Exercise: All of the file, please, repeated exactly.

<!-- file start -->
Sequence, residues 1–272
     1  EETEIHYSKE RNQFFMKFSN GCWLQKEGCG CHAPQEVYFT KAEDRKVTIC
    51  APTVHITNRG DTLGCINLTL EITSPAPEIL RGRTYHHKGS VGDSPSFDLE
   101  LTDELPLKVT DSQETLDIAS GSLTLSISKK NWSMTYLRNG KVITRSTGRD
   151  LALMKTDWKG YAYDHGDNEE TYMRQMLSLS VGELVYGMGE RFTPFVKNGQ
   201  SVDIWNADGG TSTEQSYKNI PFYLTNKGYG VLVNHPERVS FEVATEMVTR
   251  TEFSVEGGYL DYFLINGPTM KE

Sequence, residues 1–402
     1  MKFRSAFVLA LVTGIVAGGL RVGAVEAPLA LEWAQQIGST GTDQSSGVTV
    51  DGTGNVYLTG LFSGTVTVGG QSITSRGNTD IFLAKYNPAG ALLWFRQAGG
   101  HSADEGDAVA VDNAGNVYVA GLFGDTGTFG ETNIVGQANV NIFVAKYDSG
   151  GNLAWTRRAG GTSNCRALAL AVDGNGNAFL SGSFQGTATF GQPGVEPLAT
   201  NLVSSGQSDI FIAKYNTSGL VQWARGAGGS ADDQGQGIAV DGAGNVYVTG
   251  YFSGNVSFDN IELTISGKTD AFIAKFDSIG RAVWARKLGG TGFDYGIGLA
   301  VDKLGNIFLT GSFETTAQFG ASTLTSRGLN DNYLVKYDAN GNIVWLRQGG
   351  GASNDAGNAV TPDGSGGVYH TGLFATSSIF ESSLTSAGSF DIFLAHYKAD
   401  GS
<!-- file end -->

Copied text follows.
Sequence, residues 1–272
     1  EETEIHYSKE RNQFFMKFSN GCWLQKEGCG CHAPQEVYFT KAEDRKVTIC
    51  APTVHITNRG DTLGCINLTL EITSPAPEIL RGRTYHHKGS VGDSPSFDLE
   101  LTDELPLKVT DSQETLDIAS GSLTLSISKK NWSMTYLRNG KVITRSTGRD
   151  LALMKTDWKG YAYDHGDNEE TYMRQMLSLS VGELVYGMGE RFTPFVKNGQ
   201  SVDIWNADGG TSTEQSYKNI PFYLTNKGYG VLVNHPERVS FEVATEMVTR
   251  TEFSVEGGYL DYFLINGPTM KE

Sequence, residues 1–402
     1  MKFRSAFVLA LVTGIVAGGL RVGAVEAPLA LEWAQQIGST GTDQSSGVTV
    51  DGTGNVYLTG LFSGTVTVGG QSITSRGNTD IFLAKYNPAG ALLWFRQAGG
   101  HSADEGDAVA VDNAGNVYVA GLFGDTGTFG ETNIVGQANV NIFVAKYDSG
   151  GNLAWTRRAG GTSNCRALAL AVDGNGNAFL SGSFQGTATF GQPGVEPLAT
   201  NLVSSGQSDI FIAKYNTSGL VQWARGAGGS ADDQGQGIAV DGAGNVYVTG
   251  YFSGNVSFDN IELTISGKTD AFIAKFDSIG RAVWARKLGG TGFDYGIGLA
   301  VDKLGNIFLT GSFETTAQFG ASTLTSRGLN DNYLVKYDAN GNIVWLRQGG
   351  GASNDAGNAV TPDGSGGVYH TGLFATSSIF ESSLTSAGSF DIFLAHYKAD
   401  GS